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Four reasons to keep focus on deforestation in supply chains

Four reasons to keep focus on deforestation in supply chains

Four reasons to keep focus on deforestation in supply chains

Companies sourcing commodities and raw materials from regions tainted by deforestation face ongoing challenges in keeping their sustainability commitments.

 
Efforts to protect the planet’s most valuable and important rainforests have been fruitful these past 20 years. Take the Brazilian Amazon, for example. Despite a slight blot on the record books in 2015 and 2016 when deforestation rates jumped 16 percent and 29 percent respectively, tree loss has been on a constant decline. In 2012, rates had dropped by 80 percent since recording first started during the late 1980s and this year, data from Brazil’s national space agency, INPE, shows that deforestation has once again fallen, this time by 16 percent.

However, in the drive to produce yet more and more food and consumer goods products, our forests remain under constant threat from agricultural expansion. As such, companies sourcing commodities and raw materials from regions tainted by deforestation face ongoing challenges, especially as many have developed more stringent policies and commitments to make sure their final products are not in any way connected to the loss of trees.

Here are four reasons why corporates cannot afford to rest on their laurels.
  1. Sourcing shifting to the Brazilian Cerrado
The Brazilian Cerrado, the tropical Savannah and grasslands home to 5 percent of the planet’s biodiversity, is under threat.

Rather than destroy forests to expand soy and cattle farms, a number of the agricultural players from which the big corporates buy ingredients have focussed instead on exploiting lands within the less-protected Cerrado. Between 2013 and 2015 some 19,000 square kilometers of the Cerrado made way for more significant intensive farming operations, according to INPE.

The big problem is that laws to protect the Cerrado are relatively weak. In fact, 85 percent of the conversion of the Cerrado’s native vegetation into soy plantations, for example, is legal under the Brazilian Forest Code.

As expected, the NGO community has responded by signing the Cerrado Manifesto which calls on companies to take action to protect the Cerrado, particularly those that buy soy and meat from the region. And a number of companies have responded to the Manifesto, promising to pay closer attention to the issue.
  1. Changing impacts of tropical forests
We all know how important tropical forests are to the wellbeing of our planet. Or at least we thought so.

A new study published in Science claims that tropical forests now they emit as much carbon dioxide as the entire transport industry of the U.S.

Of course, we all think of these forests as an all-important carbon sink thanks to their dense foliage, rich soils and rapid growth rate. But according to scientists, the tropical forests of South America and South East Asia have reached a turning point. Satellite data that quantifies net annual changes in the above-ground carbon density of tropical vegetation reveals that deforestation, drought and other “forest disturbance and degradation” have now made tropical forests a net producer of carbon. Instead of absorbing carbon, our degraded tropics are producing around 425 teragrams of carbon every year.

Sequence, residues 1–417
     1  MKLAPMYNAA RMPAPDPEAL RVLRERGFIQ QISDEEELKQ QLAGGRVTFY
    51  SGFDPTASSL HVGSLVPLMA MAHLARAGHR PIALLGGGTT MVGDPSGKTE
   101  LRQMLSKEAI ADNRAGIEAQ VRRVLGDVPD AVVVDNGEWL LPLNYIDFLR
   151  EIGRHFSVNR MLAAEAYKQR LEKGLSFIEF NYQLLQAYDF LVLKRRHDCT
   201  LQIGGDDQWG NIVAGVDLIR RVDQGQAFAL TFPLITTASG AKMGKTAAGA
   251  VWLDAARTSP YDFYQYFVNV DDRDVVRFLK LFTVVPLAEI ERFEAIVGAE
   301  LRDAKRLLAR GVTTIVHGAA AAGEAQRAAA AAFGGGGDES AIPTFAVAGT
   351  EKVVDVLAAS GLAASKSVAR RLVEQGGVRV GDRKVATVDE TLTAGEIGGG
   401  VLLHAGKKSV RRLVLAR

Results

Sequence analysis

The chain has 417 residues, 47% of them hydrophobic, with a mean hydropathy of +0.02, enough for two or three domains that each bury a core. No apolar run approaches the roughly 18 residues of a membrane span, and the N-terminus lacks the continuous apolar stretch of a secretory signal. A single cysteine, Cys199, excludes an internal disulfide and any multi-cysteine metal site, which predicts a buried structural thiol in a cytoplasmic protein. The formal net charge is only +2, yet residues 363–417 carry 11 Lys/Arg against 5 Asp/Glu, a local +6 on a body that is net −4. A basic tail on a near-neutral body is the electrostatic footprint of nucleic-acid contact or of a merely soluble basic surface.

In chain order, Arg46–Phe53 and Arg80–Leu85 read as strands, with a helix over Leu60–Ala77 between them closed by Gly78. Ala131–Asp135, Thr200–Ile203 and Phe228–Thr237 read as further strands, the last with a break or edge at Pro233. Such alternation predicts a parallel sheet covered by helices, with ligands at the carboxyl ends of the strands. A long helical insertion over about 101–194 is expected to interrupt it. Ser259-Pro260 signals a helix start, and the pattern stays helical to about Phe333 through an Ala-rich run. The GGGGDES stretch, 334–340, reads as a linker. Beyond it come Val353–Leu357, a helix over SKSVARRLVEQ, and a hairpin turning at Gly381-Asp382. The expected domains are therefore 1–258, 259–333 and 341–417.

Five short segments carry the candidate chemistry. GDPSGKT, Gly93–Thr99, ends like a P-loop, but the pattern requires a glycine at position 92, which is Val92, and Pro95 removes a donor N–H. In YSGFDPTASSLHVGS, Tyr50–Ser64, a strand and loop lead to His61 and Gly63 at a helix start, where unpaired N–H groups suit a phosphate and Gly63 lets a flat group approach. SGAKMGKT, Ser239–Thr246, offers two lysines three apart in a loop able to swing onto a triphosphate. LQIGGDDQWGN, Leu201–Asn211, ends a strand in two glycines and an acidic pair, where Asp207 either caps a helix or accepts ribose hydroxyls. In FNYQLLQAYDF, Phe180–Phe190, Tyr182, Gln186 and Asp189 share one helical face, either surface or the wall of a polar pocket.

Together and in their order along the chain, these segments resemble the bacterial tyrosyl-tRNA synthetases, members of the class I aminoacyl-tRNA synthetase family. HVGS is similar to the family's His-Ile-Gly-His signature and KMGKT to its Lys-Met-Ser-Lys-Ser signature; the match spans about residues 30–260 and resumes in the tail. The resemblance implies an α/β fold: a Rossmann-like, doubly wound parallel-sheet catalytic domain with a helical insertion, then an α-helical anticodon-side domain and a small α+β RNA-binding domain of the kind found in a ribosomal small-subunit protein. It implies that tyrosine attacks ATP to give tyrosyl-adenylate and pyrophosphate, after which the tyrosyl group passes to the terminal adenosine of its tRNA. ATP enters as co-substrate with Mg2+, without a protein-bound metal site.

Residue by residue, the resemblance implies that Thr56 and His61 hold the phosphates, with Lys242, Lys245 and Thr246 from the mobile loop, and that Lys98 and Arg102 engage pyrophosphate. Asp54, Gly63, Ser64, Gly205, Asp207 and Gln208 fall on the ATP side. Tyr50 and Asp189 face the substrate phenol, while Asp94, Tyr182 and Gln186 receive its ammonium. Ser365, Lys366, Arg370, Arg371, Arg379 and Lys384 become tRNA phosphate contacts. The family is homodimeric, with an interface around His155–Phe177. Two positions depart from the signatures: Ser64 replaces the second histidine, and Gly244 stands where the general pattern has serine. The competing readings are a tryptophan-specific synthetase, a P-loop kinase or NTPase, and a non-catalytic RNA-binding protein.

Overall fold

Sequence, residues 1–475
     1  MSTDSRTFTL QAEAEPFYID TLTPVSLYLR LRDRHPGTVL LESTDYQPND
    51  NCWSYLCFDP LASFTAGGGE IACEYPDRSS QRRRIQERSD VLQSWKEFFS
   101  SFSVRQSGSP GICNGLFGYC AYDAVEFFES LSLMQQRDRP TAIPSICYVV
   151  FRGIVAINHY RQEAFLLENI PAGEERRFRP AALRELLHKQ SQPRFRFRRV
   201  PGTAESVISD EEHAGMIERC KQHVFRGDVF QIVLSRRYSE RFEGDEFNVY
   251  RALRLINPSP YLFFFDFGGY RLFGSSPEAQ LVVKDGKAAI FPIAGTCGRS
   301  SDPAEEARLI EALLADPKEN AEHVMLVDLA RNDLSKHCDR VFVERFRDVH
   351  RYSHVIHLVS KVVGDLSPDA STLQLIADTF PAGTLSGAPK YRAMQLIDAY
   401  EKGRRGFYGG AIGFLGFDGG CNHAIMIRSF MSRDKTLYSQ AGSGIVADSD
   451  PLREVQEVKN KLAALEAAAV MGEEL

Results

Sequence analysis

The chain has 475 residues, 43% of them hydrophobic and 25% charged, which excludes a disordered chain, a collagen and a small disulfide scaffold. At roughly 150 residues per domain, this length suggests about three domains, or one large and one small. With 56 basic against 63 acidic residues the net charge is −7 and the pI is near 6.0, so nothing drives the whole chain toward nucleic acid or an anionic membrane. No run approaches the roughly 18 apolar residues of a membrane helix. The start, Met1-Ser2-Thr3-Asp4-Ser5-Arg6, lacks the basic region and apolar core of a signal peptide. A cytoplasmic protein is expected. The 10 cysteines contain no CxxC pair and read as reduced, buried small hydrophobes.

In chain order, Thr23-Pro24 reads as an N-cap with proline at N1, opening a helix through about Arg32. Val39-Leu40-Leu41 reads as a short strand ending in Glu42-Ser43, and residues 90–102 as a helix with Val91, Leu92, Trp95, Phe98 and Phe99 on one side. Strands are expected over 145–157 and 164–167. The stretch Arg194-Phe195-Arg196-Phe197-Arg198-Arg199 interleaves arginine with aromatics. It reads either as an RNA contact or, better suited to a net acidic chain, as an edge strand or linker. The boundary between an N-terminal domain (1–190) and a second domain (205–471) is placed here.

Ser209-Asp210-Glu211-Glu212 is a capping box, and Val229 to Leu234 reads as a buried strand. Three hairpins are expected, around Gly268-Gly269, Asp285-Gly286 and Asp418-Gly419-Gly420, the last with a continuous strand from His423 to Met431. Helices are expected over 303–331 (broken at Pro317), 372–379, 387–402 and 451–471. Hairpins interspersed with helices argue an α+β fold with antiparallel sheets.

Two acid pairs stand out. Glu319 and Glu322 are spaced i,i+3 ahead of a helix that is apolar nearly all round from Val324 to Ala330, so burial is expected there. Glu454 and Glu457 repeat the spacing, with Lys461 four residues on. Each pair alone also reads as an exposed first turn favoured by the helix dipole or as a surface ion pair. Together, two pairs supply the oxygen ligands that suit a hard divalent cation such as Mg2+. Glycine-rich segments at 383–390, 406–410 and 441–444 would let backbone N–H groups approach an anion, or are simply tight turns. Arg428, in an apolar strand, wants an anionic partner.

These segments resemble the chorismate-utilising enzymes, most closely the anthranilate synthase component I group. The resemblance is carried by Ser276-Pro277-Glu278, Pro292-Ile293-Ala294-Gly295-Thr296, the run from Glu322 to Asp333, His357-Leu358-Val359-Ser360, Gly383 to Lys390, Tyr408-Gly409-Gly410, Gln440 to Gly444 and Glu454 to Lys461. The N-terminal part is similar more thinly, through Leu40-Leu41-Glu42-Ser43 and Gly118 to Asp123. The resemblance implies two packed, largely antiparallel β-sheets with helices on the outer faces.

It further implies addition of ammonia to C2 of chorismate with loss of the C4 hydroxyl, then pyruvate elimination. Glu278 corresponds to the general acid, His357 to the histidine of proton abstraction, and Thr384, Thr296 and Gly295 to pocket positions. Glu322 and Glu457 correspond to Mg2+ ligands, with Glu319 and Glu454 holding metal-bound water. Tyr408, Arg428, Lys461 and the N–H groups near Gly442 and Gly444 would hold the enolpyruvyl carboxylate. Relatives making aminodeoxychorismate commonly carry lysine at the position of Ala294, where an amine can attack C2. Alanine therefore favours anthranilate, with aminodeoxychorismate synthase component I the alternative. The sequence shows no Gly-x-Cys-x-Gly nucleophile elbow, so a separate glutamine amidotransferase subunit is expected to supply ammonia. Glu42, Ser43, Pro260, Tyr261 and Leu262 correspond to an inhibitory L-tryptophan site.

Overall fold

The news will come as a shock to many of the companies that continue to protect tropical forests as part of their wider climate change-related commitments.
  1. Brazil potentially rolling back on forest protection laws
Absorbing 1.5 gigatons of carbon dioxide a year, Brazil’s 390 billion trees are quite rightly referred to as the ‘lungs of the world.’ But they are under threat because of the country’s current administration potentially easing its environmental protection laws in favor of fostering economic development.

Supporters of recent plans to clear almost 600,000 hectares of rainforest believe Brazil must open up more land for farming, cattle ranching and mining if it is to realize its economic potential and create jobs. The current position taken by the Government is that Brazil has plenty of protected areas and it really needs to open up land for development.

“President Temer and his allies in the agribusiness lobby are a direct threat not only to the climate and local biodiversity but also to communities and indigenous people whose livelihoods depend on the Amazon rainforest,” says Cristiane Mazzetti from the forest campaign at Greenpeace Brazil.
  1. Inaction, even when problems are acknowledged
The latest campaign by Mighty Earth was significant because of its apparent “explicit proof of companies’ foreknowledge of the massive impacts they cause” when it comes to deforestation across South East Asia.

The NGO received the social and environmental impact assessment submitted to the Indonesian government in 2009 as part of the permitting process for establishing PT Bio Inti Agrindo (PT BIA) – a 39,000-hectare palm oil plantation located in Papua, Indonesia’s largest remaining intact rainforest.

And the assessment shows the company fully acknowledging the negative impacts its development would have on both the environment and the local community – and the Indonesian Government licensing the company’s development anyway.

For corporates, leaning on governments to keep local players in check is easier said than done.

This article was originally published by the Supply Chain editorial team. Check out their Knowledge at Work site for more great supply chain sustainability articles.

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